The Dream Review

(The SXSW Film Festival may have been cancelled, but our coverage will go on with reviews of films and TV shows made available to our critics.)

It seems pilots about chasing the dream in Los Angeles were supposed to be hot this year at SXSW! But of all the TV shows about this idea, The Dream is the one that worked the best for me. The pilot follows Daryl (Micah Bijon) as he struggles to find his path right out of film school. How hard is he struggling? Well, we kick things off with his middle school-aged nephew giving him ten dollars for gas to ensure he can get home, get to work that day, and presumably collect him at the end of the day. Turns out college is expensive. Living in LA probably isn’t helping him out much either. 

Thankfully, Daryl’s got a friend. College pal Meena (Nikohl Boosheri) is a production coordinator on the set of a music video and is able to get him a job for the day. If he does well, she’ll be able to hire him more. If things go poorly, well, you know the drill. 

The Dream’s pilot follows that first day on set and the hijinks that ensue when you find yourself as the new kid. Anyone from the arts will recognize the friendly hazing that occurs early on, but it’s not long before Daryl’s proving that Meena hired him as more than just a favor between friends. 

Early on, it’s easy to fall into the assumption that Daryl falls into the curse that many artists do – all dream and no drive. A quick chat with the music video’s director proves otherwise. It turns out that he’s not just talented in his own right, but ostensibly more talented than the man who’s currently his boss’ boss’ boss. Back when they were in college, Daryl beat Sean (Joey Thompson) for first place in a short film competition. While it’s not called out in the moment, the two men look very different from one another. The Dream speaks to Daryl’s blackness several times early on, so here’s hoping that we see this discussion taken further should the series get a pickup order.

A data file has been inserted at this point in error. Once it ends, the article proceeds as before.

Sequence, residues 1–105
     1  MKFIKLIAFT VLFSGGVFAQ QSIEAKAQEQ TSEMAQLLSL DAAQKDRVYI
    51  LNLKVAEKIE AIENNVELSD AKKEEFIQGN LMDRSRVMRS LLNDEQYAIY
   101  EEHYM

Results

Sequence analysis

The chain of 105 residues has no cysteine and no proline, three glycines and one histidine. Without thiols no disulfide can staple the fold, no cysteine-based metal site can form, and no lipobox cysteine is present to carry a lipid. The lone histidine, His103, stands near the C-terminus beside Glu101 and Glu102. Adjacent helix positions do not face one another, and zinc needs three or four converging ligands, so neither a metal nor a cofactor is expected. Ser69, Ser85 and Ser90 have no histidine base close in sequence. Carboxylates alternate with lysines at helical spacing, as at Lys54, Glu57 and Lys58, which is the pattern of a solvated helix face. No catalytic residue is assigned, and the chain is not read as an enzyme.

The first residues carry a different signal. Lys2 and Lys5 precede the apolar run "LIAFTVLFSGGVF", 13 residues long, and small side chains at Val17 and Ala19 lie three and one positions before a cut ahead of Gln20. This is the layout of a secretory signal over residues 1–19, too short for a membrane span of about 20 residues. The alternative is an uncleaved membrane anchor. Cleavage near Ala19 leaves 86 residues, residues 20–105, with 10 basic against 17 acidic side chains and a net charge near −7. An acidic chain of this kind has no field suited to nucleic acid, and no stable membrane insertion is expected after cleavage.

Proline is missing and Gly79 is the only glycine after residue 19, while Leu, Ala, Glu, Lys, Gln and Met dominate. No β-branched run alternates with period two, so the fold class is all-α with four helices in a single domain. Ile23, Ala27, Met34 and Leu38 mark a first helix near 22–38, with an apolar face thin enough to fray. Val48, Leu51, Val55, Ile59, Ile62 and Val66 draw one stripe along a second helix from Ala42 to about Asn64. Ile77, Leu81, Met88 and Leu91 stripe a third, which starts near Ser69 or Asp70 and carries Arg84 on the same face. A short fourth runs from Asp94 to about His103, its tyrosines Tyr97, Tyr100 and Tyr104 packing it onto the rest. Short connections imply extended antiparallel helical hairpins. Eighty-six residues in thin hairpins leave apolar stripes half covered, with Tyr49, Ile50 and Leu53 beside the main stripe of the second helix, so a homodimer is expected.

Though things start off rocky for our lead on his first day on set, we quickly see him start to form new friendships. It’s difficult to avoid when on set whether it’s stage or film. You either have to come together to solve the problems, or everything falls apart. But what’s the fun in a pilot without any conflict?

So far as pilots go, The Dream hits its mark. It sets up enough questions for you to want more from the series, but not in a way that sacrifices in-the-moment entertainment. I laughed a lot during its twenty minute runtime, and found myself grinning when I wasn’t. This one’s got some real Party Down vibes, if you’re looking for a comparison. Just scrap the catering company for a production crew, kick back, and enjoy.

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